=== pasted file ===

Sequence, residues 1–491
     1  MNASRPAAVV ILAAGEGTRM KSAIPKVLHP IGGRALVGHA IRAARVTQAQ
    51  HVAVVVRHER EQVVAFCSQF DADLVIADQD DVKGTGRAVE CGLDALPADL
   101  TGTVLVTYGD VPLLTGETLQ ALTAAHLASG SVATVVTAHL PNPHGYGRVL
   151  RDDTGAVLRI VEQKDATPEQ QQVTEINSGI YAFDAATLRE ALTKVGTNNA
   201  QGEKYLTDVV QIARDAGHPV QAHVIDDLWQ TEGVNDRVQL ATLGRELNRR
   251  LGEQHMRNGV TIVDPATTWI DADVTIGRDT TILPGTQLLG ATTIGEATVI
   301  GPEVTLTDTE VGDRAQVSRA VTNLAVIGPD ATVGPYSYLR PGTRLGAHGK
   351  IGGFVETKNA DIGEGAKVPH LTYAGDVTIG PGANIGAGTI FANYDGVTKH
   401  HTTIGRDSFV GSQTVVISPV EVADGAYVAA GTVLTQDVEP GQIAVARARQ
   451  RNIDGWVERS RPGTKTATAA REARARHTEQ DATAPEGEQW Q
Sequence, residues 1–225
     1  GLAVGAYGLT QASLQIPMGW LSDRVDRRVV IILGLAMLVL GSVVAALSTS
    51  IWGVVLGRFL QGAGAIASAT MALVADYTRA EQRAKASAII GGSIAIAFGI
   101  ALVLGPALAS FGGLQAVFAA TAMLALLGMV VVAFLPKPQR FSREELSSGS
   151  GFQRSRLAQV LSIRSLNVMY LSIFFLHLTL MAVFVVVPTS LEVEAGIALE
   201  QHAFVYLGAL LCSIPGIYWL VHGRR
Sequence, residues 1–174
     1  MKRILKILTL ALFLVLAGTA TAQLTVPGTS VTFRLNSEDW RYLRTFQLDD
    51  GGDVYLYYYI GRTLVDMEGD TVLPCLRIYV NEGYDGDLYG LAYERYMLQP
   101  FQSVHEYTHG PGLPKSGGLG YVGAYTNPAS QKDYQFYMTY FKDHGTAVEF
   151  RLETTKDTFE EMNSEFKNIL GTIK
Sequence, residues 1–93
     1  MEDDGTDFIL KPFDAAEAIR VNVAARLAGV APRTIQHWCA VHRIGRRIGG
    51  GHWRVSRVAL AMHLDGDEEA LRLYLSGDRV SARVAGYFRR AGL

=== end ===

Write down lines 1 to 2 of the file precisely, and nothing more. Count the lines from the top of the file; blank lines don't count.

Sequence, residues 1–491
     1  MNASRPAAVV ILAAGEGTRM KSAIPKVLHP IGGRALVGHA IRAARVTQAQ